DL: People may tell you what they think, however they will act on how they feel. Emotions can be designed and engineered to align with brand objectives. High performing brands use non-conscious measurement as the first step toward creating experiences that resonate and convert.

First impression is key for determining what will enter awareness, and evaluation judgement. Within a fraction of a second, the brain decides whether or not to act. If you’re trying to create a message that’s going to be loved in that first second, you need to understand how the brain works; how to elicit that emotion from the get go.

Many times it is impossible to dislodge an idea or first impression, because the customer has already established a mental shortcut, an image and a set of values.

When it comes to the market research budget, a combination of surveys and non-conscious measurement is important for getting the big picture, aka. what people say and what they truly feel. It’s important to ask people what they think, to give them a chance to rationalise and consider the logic behind their decisions.

What is unavoidable in these circumstances is the tendency of a person to project a different image in front of others, to be influenced by the dominant voice in the room or to simply keep quiet if they're introverted. It’s much easier for everyone to roll with the consensus. You rarely cut through to how they feel, or why they feel a certain way.

PP: What effects can print media have on the brain?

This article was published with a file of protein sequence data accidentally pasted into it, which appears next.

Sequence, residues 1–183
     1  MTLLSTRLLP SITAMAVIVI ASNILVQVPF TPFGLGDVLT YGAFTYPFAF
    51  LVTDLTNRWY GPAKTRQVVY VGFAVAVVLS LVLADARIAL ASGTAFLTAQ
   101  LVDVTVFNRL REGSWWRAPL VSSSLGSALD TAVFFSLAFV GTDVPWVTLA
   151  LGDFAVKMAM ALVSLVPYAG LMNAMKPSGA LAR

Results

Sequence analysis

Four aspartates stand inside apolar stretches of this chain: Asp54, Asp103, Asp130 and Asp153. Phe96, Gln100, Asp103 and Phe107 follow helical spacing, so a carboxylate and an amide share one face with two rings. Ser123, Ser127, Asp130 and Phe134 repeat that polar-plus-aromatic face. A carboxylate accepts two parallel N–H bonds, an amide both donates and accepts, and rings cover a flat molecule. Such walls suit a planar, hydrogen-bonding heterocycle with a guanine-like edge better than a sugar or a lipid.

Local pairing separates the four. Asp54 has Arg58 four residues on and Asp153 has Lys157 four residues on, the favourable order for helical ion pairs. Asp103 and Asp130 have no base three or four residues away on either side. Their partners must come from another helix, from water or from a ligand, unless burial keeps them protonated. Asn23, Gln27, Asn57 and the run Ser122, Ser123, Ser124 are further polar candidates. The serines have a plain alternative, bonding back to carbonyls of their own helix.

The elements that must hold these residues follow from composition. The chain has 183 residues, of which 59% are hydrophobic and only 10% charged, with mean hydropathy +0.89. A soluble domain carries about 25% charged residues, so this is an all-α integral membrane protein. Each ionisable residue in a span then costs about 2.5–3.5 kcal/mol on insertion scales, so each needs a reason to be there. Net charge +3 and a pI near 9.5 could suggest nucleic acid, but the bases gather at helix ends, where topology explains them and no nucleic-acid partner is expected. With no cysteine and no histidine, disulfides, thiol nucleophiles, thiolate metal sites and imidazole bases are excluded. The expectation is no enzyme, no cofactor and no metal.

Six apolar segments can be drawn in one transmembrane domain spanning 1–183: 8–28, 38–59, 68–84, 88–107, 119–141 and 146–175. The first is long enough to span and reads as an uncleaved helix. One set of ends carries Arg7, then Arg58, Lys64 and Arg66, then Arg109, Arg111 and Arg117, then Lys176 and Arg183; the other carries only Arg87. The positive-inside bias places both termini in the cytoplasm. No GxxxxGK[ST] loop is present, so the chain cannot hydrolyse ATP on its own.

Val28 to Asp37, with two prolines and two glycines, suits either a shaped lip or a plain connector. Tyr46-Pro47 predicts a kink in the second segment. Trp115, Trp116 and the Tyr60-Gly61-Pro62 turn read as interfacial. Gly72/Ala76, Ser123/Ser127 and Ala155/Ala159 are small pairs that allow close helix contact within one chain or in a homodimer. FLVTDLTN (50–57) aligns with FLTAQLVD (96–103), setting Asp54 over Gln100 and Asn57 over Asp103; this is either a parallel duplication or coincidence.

DL: The advantage of physical media, and particularly print media, is that it helps increase memorability for a brand. If you’re sending out an email, your audience may see the headline and swipe to delete it. But as soon as something arrives in the mail or you hold it in your hands, the physical quality of the piece conveys a message and together with the design, it renders it more likely to be encoded into memory. 

Tactility is one of our most underrated senses. It’s hugely powerful. With direct mail, for example, you’re engaging the brain beyond just the visual, something a digital screen typically can’t do.

Direct mail is far more persuasive than digital media alone, with 20% more motivation response
Diana Lucaci
Founder & CEO, True Impact

We judge the quality of an object by its firmness or texture. That first touch is critical for creating the evaluation of a product in our minds.

If we’re holding thin, flimsy paper, we instantly associate that with a value offer. But the moment we feel something thicker, richer, that’s satin or maybe embossed – we instantly understand that it’s a high investment offer. Physical mail is a shortcut to that 'first impression', and it happens in as little as 0.3 seconds.

PP: What’s the role of print in the campaign mix?

DL: Brand who wish to remain relevant always establish an emotional connection with their customers. It may be trust, friendship, love, etc. Every brand should care about creating an emotional connection with consumers. And in that context, print is a crucial part of the marketing mix.

Direct mail is easier to understand due to 21% less cognitive workload, and results in higher brand recall
Diana Lucaci
Founder & CEO, True Impact

It’s about forging a relationship. Physical media improves memorability and cements the brand in a person’s mind before they convert online or in store. Knowing its advantages, marketers need to think about optimising creative using neuroscience principles and watch their response rates go into the double digits.